A new report from UNICEF, Uprooted, says that there are 50 million children in the world who have been forced to flee their home.
Unrest in Syria, Afghanistan, and many other nations has brought on the biggest movements of people in recorded history. The sheer numbers are staggering.
28 million children are fleeing conflict. 10 million of those are refugees, with another million seeking asylum and refugee status. A further 17 million children are internally displaced as they are forced to seek safety from violence and war elsewhere in their own country.
On top of that, a further 20 million children are fleeing widespread gang violence and extreme poverty and with or without their parents, are seeking refuge in a safer place.
Even after these children have fled their homes, they are met with challenged that most people will never have to face.
“Often traumatized by the conflicts and violence they are fleeing, they face further dangers along the way, including the risk of drowning on sea crossings, malnourishment and dehydration, trafficking, kidnapping, rape and even murder. In countries they travel through and at their destinations, they often face xenophobia and discrimination” according to UNICEF.
Obviously this enormous movement of people needs a clear process and system to relocate and harbour these children in particular. The quicker these children have stability the better, because many people agree that a refugee camp or a detention center is no place for a child to develop and live a healthy, happy life
In what often times becomes political ping pong accompanied by a forgetful media and public, the Uprooted report implores the world to not forget that these are individual children, not figures and numbers, or powerful images for newspapers and news sites, but children.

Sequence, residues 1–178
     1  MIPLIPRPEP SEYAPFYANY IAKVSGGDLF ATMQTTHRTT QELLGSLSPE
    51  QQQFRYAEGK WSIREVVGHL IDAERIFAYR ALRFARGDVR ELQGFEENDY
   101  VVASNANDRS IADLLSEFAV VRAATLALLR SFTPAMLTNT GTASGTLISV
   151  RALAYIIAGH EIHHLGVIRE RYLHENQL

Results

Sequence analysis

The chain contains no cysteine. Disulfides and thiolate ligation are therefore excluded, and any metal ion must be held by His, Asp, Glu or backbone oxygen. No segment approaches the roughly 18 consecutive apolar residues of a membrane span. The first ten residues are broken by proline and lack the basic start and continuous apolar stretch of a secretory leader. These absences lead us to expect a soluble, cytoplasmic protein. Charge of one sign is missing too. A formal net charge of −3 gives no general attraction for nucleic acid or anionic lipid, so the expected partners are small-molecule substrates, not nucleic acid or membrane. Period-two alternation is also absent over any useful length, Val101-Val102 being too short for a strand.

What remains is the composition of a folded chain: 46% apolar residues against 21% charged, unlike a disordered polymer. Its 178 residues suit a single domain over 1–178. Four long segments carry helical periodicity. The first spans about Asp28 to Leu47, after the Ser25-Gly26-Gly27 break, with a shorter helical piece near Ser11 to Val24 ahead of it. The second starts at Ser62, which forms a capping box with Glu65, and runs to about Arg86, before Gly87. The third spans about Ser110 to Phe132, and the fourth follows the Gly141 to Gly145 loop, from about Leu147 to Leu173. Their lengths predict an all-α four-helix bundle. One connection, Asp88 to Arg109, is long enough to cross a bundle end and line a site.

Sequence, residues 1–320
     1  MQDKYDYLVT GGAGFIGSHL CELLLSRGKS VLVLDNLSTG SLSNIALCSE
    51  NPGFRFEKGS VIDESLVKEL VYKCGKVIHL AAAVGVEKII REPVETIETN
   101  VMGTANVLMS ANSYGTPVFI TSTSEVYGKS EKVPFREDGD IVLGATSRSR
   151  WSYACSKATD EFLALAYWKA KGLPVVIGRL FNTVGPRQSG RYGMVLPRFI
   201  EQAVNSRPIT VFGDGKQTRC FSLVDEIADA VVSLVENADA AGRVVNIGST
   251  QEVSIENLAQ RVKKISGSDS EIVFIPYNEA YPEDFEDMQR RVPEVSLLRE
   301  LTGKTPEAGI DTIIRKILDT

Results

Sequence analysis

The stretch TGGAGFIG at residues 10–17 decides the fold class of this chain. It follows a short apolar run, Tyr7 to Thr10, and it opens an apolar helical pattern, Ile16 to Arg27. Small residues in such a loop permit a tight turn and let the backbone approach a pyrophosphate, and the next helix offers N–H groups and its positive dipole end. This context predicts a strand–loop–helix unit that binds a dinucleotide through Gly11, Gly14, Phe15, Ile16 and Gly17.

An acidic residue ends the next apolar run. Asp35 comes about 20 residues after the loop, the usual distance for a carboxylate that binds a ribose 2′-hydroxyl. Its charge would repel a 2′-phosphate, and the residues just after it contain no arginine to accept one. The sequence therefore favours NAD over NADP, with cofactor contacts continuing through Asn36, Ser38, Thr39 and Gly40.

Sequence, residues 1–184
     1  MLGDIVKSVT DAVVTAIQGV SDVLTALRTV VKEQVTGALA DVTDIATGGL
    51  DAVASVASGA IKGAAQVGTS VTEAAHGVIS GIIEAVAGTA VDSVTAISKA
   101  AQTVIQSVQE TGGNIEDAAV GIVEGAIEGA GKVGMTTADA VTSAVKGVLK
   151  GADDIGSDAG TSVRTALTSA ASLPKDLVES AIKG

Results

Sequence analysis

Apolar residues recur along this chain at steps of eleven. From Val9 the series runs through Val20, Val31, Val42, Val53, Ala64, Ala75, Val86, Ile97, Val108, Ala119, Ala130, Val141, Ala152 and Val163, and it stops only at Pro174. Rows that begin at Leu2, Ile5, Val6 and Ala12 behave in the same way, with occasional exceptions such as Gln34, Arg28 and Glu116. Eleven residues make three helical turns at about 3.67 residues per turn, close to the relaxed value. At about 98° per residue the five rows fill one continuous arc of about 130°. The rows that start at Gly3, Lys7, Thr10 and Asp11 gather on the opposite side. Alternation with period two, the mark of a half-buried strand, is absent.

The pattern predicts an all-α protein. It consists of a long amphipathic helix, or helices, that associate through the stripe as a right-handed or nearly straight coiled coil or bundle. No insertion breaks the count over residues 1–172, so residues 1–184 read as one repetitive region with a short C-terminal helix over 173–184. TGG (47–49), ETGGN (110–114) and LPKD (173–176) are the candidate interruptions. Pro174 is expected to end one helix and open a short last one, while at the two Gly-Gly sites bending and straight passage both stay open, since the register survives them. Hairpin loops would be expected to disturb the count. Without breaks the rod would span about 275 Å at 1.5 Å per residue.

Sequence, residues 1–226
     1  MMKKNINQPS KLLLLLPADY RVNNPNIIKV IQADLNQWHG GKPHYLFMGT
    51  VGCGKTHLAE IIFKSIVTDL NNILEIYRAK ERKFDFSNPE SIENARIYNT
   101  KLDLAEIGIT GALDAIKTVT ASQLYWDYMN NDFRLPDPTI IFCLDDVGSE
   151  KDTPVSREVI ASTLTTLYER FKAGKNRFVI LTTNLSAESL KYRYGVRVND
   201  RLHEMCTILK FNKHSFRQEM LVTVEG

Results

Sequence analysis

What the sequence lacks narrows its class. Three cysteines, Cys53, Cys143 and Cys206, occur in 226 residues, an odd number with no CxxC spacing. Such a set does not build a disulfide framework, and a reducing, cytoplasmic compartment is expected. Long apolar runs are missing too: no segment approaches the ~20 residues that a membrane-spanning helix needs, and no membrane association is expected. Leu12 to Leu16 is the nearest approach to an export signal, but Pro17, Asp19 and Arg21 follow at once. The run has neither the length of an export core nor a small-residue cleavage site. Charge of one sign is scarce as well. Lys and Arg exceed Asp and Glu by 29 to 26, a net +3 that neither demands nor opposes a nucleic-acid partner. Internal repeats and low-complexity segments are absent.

Anthony Lake, Executive Director of UNICEF puts it best in the reports foreword:
Some things, once seen, can never be unseen.A toddler’s small body washed up on a beach after drowning at sea.A mother’s terror as she passes her baby over a barbed wire fence at a border crossing.A holding room in a detention centre, filled to overflowing with adolescent children,many fleeing forced participation or retribution by violentstreet gangs.A small child sitting in an ambulance, bloody, exhausted, and stunned into silence after the building where he and his family lived was destroyedin a brutal attack.Such indelible images command the world’s attention and invoke its compassion.But only one image, one child at a time.The moment passes – the news cycles move on. But the danger and desperation that drive so many children and families to flee their homes are not moving on. Lately, they seem only to get worse.So we must not forget that each child, each picture, represents many millions of children in danger at home – and many millions of children whohave left their homes. This demands that our compassion for the individual children we see be matched with urgent – and sustained – action for all child refugees and migrants.